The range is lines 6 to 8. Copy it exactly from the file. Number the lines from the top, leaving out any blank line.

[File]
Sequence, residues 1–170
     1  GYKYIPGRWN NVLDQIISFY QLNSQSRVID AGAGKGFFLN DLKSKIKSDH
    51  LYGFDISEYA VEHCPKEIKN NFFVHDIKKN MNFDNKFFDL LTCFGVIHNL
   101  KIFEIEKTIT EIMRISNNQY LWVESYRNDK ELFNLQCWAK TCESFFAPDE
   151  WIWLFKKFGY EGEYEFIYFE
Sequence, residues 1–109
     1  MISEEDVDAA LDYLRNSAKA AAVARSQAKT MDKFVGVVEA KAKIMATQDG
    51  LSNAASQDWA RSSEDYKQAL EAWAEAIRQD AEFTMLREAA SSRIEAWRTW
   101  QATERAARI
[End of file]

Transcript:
Sequence, residues 1–109
     1  MISEEDVDAA LDYLRNSAKA AAVARSQAKT MDKFVGVVEA KAKIMATQDG
    51  LSNAASQDWA RSSEDYKQAL EAWAEAIRQD AEFTMLREAA SSRIEAWRTW